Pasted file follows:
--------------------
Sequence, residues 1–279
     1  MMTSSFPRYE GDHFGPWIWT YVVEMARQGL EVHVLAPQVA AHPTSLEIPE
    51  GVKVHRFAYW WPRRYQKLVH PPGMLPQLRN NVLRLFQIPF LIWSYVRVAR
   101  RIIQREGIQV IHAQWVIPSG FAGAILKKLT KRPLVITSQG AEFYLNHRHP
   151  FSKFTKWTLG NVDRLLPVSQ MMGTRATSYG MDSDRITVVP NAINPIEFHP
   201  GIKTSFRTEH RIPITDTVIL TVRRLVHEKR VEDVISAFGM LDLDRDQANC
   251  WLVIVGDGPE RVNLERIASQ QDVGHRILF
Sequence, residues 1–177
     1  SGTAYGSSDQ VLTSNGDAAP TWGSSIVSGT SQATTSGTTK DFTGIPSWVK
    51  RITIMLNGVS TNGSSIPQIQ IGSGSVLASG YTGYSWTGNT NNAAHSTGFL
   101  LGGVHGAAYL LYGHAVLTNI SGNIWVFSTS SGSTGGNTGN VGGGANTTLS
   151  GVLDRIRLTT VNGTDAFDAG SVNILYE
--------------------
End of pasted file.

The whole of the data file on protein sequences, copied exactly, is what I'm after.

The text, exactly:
Sequence, residues 1–279
     1  MMTSSFPRYE GDHFGPWIWT YVVEMARQGL EVHVLAPQVA AHPTSLEIPE
    51  GVKVHRFAYW WPRRYQKLVH PPGMLPQLRN NVLRLFQIPF LIWSYVRVAR
   101  RIIQREGIQV IHAQWVIPSG FAGAILKKLT KRPLVITSQG AEFYLNHRHP
   151  FSKFTKWTLG NVDRLLPVSQ MMGTRATSYG MDSDRITVVP NAINPIEFHP
   201  GIKTSFRTEH RIPITDTVIL TVRRLVHEKR VEDVISAFGM LDLDRDQANC
   251  WLVIVGDGPE RVNLERIASQ QDVGHRILF
Sequence, residues 1–177
     1  SGTAYGSSDQ VLTSNGDAAP TWGSSIVSGT SQATTSGTTK DFTGIPSWVK
    51  RITIMLNGVS TNGSSIPQIQ IGSGSVLASG YTGYSWTGNT NNAAHSTGFL
   101  LGGVHGAAYL LYGHAVLTNI SGNIWVFSTS SGSTGGNTGN VGGGANTTLS
   151  GVLDRIRLTT VNGTDAFDAG SVNILYE